Bilingual Children - Week #13
All words are equal, but some words are more equal than others
When I started attaching a word of the day to the front door back in September 2016. I didn’t have a real plan: I didn’t know how long it would have lasted for, I didn’t focus on any particular group of words.
I didn’t set a target. It was only my genuine desire to grow my son’s vocabulary in the minority language. A simple yet unrefined attempt to boost the number of words he could understand and pronounce in Italian.
It was a Monday to Friday exercise and started almost by chance.
Things have moved on from that September and although the delivery of the word on the door hasn’t changed, some considerations and small changes have been made along the way.
Where did I get my words from? At first just randomly picking words from day to day life. No particular order, selection or structure. I then started grouping words by topic: animals, vegetables, plants, games, objects in the house.
Now I tend to write down several words in advance choosing from a specific topic and then produce them each day over a certain period of time. In particular, when I read my son a bedtime story, I always find at least 2/3 words that will be added to my list.
I realised this month that we've reached 400 words since I started!
It seems to be a very large number and I am pleased with it. However, it’s also true that:
- Not all the words will be remembered in an equal way.
- The majority of words that will be remembered are because we use them frequently in our daily conversations.
- Other words won’t stick.
I am not sure what the real reason for this is: perhaps they are not so common in everyday life, sometimes they are widely used in Italian but somehow, they don’t roll off my son’s tongue (The very same thing happens to me with some English words).
Submitting a word to memory
In order to make the word of the day to stick more systematically I do the following:
Attach the word of the day in the morning. If you are still at home when the children get up, ask them to check it, read it, repeat it and use it in a sentence.
The first thing I do in the evening when I come back home is to ask what the word of the day was. I then try to fit that particular word in our evening conversation (at least 2 to 3 times).
At the weekend I collect the 5 words of the day and we go through them with the correct pronunciation, the meaning and how to use them in real life situations.
I try to make a mental note of the words that haven’t worked as well as I expected and I try to juggle them in future conversations. I've noticed that insisting on some specific words does work. Repetitions and regular use definitely improve the absorption.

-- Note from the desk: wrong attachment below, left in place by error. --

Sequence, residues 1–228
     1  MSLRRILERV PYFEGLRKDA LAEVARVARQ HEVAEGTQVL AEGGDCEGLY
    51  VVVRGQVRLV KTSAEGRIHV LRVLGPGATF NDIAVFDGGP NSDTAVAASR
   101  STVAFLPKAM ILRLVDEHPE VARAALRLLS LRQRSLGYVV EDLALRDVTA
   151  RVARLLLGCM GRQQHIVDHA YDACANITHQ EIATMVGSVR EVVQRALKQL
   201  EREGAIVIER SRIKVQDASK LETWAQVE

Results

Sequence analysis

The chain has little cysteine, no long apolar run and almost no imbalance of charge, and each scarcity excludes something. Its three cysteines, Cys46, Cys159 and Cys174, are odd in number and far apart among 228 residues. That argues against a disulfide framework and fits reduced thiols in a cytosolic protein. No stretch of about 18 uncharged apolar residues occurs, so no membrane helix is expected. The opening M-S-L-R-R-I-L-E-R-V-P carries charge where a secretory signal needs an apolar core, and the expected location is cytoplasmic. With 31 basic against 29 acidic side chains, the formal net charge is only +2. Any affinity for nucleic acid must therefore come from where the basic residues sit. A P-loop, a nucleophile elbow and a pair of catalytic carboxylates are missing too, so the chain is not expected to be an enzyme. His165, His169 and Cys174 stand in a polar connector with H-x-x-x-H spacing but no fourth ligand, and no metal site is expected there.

One very important element to consider is the age of your child. When they are up to 4 years old, simple words about the world around them work well.
As children grow the complexity of the conversations they will need to be able to have will increase. With that the type of words you teach them needs to change as well.
We have moved from simple words referring to an object (Apple, dog) to words and adjectives that have deeper and wider meaning.
Essere generoso = To be generous
Fare bella figura = To make a good impression
Ammirare qualcuno = To admire someone
We have also started writing typical Italian (Although still basic) expressions to create a chance to mimic the real spoken Italian. Such as:
Cadere dall’albero, come una pera = Fall from the tree like a pear
Avere la testa fra le nuvole = To have your head in the clouds
Minority is still a priority
One very important piece of advice I received years ago, came from a dear Italian friend of mine. He lived in the US and got married to an American.
He told me, not to be tempted to switch from the minority language to the dominant one (provided that you speak that language) when tacking delicate or complicated conversations/issues with your children.
Sometimes, we need to discuss or teach important issues, perhaps related to school, behavior, personal relationships that require a higher degree of explanation. Situations when we need to make sure our children understand the boundaries they shouldn’t cross for any reason (personal safety or relationships with strangers etc).
The level of conversation goes up a few notches because the intrinsic nature of the topic. Unfortunately, depending on each case and child, the child can't always master the minority language well enough to fully understand every single word needed.
However do not abandon the minority language every time some more detailed explanation is required. Try to break down the concept in several simpler sentences and go from there. Try to build some foundations and take the time to deconstruct the concept in several parts so that children understand the background of the situation.
It doesn’t matter if not all the words are understood. Ideally they will also hear the same story in the dominant language from the other parent and can start joining the dots for the minority side too.
It’s fundamental that children perceive an equal value of the two languages no matter how serious or important the topic is. They might have a few more questions on individual words they heard for the first time or require some further explanation on what to do and not to do. Be patient and keep going!
Words of the day
This week we learned the following words/expressions:
Monday: Tenere la bocca cucita = Keep your mouth sewn (Don't say a word).
Tuesday: Se tiri la corda, prima o poi si spezza = If you pull the rope, sooner or later it breaks.
Wednesday: Aver paura della propria ombra = To be afraid of your own shadow.
Thursday: Cercare un ago in un pagliaio = Look for a needle in a haystack.
Friday: Conoscere qualcosa come le mie tasche = To know something like the back of your hand.